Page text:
Both the proposal to shutter P.S. 165 and subsequently expand Mott Hall II are in the early stages. Neither has been formally proposed, let alone approved.

If the middle school is closed, about 100 current students there are entitled to enroll in a higher-performing alternative. Those students would not have to go through the normal screening process, which allows schools to sort through applicants based on their grades, test scores, interviews and other criteria.

A shift in the student body could also have unintended consequences when it comes to diversity. Enrollment at Mott Hall II largely mirrors the demographics of District 3, where it sits — a rarity in New York City, which has among the most segregated school systems in the country. P.S. 165, meanwhile, enrolls more black and Hispanic students.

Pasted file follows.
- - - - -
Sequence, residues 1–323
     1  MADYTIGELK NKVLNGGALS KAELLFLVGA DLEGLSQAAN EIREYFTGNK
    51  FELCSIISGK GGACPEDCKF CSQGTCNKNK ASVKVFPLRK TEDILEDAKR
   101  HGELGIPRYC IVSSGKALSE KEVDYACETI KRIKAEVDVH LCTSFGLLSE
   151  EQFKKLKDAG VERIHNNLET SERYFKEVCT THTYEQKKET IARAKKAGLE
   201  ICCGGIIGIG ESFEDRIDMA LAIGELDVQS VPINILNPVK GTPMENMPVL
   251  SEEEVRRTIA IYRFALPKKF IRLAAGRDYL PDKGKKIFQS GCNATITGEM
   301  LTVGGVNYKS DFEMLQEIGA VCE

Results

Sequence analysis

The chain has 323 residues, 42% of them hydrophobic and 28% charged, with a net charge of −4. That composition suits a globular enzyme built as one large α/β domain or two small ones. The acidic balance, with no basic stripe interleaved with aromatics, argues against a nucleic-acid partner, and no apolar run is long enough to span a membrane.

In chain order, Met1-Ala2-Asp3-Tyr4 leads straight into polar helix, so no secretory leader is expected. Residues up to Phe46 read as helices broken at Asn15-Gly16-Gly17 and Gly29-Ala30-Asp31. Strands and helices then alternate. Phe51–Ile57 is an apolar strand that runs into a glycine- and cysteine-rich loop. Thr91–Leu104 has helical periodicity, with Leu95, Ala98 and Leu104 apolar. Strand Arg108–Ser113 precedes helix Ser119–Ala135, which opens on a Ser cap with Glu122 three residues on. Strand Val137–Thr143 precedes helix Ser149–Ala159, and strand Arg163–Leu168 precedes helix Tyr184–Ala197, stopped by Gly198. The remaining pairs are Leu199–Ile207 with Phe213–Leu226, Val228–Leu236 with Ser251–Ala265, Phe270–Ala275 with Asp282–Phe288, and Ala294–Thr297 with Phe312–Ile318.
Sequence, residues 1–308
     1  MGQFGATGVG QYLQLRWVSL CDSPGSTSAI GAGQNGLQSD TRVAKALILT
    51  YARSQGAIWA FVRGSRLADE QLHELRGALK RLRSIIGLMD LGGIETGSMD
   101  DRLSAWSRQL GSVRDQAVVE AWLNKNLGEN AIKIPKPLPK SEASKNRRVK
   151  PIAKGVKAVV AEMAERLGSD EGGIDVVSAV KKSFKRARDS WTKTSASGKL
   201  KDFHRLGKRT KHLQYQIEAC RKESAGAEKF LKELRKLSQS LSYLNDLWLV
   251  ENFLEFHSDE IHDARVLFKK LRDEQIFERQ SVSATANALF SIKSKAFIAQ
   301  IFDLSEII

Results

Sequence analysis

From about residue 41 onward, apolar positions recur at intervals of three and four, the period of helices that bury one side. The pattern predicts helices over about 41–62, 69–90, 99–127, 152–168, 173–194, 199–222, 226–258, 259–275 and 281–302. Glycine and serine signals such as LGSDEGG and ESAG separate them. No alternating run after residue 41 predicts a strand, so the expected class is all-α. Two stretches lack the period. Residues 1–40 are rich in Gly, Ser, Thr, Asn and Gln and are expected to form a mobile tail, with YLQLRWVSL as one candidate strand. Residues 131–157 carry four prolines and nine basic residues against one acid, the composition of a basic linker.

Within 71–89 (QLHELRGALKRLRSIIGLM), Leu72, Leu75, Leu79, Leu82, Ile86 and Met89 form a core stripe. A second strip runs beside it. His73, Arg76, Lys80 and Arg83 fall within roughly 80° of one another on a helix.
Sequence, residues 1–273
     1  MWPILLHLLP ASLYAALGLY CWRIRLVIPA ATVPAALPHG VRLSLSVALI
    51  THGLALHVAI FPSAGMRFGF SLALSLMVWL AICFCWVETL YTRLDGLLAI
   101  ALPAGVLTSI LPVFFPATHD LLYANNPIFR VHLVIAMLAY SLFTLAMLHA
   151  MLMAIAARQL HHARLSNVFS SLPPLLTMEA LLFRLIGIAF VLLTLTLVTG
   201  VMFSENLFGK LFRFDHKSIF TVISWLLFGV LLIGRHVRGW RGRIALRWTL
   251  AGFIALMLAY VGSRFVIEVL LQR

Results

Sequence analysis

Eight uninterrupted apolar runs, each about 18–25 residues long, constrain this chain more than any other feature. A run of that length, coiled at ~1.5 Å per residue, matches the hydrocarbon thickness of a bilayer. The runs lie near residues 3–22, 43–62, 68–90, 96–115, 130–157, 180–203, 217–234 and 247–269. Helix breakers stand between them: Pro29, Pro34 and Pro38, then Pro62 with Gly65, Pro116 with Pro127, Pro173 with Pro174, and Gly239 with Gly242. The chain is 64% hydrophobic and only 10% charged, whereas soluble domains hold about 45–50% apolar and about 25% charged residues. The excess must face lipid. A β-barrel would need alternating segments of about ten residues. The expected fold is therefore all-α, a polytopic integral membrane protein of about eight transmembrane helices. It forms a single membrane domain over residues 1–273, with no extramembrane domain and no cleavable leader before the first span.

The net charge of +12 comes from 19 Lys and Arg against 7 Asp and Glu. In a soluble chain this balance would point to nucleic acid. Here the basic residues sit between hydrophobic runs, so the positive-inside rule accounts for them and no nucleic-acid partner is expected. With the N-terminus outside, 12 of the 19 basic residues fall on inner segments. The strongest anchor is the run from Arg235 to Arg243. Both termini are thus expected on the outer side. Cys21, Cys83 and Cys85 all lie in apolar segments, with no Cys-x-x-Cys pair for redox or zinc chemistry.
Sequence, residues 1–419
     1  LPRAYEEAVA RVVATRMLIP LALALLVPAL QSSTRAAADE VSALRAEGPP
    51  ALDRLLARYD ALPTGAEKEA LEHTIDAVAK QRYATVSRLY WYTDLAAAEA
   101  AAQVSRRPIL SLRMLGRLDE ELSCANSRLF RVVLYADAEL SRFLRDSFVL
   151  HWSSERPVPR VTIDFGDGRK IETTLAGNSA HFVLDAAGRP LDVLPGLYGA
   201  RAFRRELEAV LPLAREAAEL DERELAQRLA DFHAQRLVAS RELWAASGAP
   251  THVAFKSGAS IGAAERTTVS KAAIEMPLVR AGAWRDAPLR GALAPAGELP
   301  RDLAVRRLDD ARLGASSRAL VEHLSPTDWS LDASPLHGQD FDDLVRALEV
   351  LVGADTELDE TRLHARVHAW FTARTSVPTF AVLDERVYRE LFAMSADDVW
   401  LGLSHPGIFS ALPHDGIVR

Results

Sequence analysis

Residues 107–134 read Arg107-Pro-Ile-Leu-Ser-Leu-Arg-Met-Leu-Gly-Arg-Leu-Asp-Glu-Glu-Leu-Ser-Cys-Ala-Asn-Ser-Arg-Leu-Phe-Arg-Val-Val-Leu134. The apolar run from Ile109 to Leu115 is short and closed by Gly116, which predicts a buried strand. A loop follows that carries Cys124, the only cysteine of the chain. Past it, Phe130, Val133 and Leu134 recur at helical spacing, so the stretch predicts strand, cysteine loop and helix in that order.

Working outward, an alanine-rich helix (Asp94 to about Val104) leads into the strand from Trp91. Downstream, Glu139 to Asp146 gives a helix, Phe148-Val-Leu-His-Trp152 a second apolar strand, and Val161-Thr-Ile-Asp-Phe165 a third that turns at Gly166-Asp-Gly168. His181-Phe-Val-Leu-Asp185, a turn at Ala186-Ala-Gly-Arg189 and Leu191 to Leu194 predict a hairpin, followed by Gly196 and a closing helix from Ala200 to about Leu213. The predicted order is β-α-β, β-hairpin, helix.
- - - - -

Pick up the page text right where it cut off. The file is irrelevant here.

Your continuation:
“It works because there is a balance. And that’s what we signed up for,” said Shanti Menon, whose daughter is in seventh grade at the school.

Advocates for integration have argued that allowing schools to select students based on factors such as their academic performance or attendance records exacerbates segregation. But Mott Hall II is a unique case in that the school has been able to enroll a mixed student body. An influx of students from P.S. 165 could throw that off.

Parents describe Mott Hall II as the most diverse middle school in District 3, and most reflective of its demographic and economic averages. About 37 percent of students are Hispanic, 26 percent are black, 23 percent are white and 6 percent are Asian. The poverty rate is about 47 percent.

At P.S. 165, meanwhile, 81 percent of middle school students are black or Hispanic. With a poverty rate of 74 percent, the school serves considerably more poor students than the district average of about 48 percent.

Raven Snook, whose daughter attends Mott Hall II, said she picked the school precisely because of its diversity. While Snook is white, her husband is Puerto Rican.